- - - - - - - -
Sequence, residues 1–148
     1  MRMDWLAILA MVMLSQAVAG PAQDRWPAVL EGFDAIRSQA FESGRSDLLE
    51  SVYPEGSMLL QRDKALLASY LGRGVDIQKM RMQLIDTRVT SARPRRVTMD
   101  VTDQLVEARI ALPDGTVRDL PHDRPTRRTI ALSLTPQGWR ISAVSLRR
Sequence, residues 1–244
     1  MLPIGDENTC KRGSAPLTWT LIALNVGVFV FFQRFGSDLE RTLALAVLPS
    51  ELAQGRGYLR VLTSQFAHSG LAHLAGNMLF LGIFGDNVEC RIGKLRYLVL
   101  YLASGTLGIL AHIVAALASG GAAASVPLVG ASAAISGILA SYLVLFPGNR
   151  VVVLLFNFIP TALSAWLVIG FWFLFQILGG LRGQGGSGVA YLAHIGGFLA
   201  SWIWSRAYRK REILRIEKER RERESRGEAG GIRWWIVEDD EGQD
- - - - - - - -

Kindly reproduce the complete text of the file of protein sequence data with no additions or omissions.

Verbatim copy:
Sequence, residues 1–148
     1  MRMDWLAILA MVMLSQAVAG PAQDRWPAVL EGFDAIRSQA FESGRSDLLE
    51  SVYPEGSMLL QRDKALLASY LGRGVDIQKM RMQLIDTRVT SARPRRVTMD
   101  VTDQLVEARI ALPDGTVRDL PHDRPTRRTI ALSLTPQGWR ISAVSLRR
Sequence, residues 1–244
     1  MLPIGDENTC KRGSAPLTWT LIALNVGVFV FFQRFGSDLE RTLALAVLPS
    51  ELAQGRGYLR VLTSQFAHSG LAHLAGNMLF LGIFGDNVEC RIGKLRYLVL
   101  YLASGTLGIL AHIVAALASG GAAASVPLVG ASAAISGILA SYLVLFPGNR
   151  VVVLLFNFIP TALSAWLVIG FWFLFQILGG LRGQGGSGVA YLAHIGGFLA
   201  SWIWSRAYRK REILRIEKER RERESRGEAG GIRWWIVEDD EGQD